Definition of damsel in English:

damsel

Syllabification: dam·sel
Pronunciation: /ˈdamzəl
 
/

noun

archaic or • literary
  • A young unmarried woman.
    More example sentences
    • The young damsel has been captured by baddie pirate Barbossa because she possesses a rare coin.
    • The story goes that a young damsel was at the top of the tower when she saw her husband gored to death by a stag he was hunting.
    • He would never sense the spirit, the gaiety in courting a young damsel.

Phrases

damsel in distress

often • humorous A young woman in trouble (with the implication that the woman needs to be rescued, as by a prince in a fairy tale).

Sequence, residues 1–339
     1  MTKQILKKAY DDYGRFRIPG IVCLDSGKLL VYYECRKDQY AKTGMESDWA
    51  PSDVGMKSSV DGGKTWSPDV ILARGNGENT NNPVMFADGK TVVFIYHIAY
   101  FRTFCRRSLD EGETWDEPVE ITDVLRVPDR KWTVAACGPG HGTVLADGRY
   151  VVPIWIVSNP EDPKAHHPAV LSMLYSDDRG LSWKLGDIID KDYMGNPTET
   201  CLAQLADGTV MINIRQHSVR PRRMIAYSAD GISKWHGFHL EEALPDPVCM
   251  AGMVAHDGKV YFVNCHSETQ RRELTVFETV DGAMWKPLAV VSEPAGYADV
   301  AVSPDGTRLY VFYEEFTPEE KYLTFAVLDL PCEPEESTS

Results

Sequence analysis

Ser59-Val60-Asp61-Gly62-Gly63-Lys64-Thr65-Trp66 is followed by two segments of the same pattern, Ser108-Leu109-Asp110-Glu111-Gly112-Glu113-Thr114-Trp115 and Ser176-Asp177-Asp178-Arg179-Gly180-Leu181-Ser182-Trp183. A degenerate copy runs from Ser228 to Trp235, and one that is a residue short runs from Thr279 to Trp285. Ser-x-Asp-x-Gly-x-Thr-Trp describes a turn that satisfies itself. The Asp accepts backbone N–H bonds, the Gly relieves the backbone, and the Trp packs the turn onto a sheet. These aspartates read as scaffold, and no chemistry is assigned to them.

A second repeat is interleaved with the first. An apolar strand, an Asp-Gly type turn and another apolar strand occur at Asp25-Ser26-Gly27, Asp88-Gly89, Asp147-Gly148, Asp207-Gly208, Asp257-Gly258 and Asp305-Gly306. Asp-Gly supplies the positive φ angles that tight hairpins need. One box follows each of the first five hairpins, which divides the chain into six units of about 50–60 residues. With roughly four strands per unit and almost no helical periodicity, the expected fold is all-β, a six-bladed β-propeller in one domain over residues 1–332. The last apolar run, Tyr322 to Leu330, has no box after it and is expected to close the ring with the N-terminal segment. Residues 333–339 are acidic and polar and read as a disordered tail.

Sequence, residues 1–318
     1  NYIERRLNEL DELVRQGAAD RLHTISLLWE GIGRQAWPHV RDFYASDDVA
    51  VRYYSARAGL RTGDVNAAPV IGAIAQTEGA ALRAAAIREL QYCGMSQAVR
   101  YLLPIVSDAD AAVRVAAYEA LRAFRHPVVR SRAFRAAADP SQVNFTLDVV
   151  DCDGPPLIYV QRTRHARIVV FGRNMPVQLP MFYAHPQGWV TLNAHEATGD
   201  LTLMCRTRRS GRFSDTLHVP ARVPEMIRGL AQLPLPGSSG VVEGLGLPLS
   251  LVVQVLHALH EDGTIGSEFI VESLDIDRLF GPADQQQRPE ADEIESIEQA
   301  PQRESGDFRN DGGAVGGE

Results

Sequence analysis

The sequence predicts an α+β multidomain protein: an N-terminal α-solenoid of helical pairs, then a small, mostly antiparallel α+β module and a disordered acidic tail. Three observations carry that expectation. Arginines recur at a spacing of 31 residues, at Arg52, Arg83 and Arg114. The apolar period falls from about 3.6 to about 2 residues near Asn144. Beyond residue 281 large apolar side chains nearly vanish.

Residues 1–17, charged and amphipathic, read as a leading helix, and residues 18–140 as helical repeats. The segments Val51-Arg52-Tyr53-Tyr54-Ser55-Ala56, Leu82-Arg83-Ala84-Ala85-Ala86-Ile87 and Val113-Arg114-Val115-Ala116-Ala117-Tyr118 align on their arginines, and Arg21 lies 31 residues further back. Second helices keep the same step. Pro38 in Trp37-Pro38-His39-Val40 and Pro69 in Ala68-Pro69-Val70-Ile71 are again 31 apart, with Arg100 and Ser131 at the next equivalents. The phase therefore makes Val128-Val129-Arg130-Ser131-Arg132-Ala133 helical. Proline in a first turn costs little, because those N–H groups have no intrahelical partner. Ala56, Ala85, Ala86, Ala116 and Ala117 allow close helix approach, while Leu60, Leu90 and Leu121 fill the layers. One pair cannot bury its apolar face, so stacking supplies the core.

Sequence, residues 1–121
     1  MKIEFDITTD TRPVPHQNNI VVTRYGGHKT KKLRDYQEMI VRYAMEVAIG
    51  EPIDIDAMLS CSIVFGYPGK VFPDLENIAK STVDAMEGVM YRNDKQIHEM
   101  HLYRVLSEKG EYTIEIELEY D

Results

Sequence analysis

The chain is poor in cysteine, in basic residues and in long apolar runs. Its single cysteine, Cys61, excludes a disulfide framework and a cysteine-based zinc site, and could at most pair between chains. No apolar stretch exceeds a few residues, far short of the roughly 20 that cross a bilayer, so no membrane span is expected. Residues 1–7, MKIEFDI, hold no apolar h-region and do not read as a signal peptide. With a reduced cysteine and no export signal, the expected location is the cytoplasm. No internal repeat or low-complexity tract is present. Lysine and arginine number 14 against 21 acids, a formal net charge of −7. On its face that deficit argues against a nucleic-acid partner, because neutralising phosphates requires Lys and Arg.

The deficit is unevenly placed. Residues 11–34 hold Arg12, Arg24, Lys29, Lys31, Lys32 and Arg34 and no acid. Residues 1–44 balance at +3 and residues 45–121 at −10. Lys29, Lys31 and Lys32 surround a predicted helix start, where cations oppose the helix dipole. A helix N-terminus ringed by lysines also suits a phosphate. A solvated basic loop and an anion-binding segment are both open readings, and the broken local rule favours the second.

More example sentences
  • Unlike many would-be damsels in distress, I never imagined myself being rescued by a knight in shining armor.
  • I felt as if he was my angel, and I was the damsel in distress.
  • Turrets, towers and battlements now look fit to accommodate any damsel in distress.

Origin

Middle English: from Old French dameisele, damisele, based on Latin domina 'mistress'.

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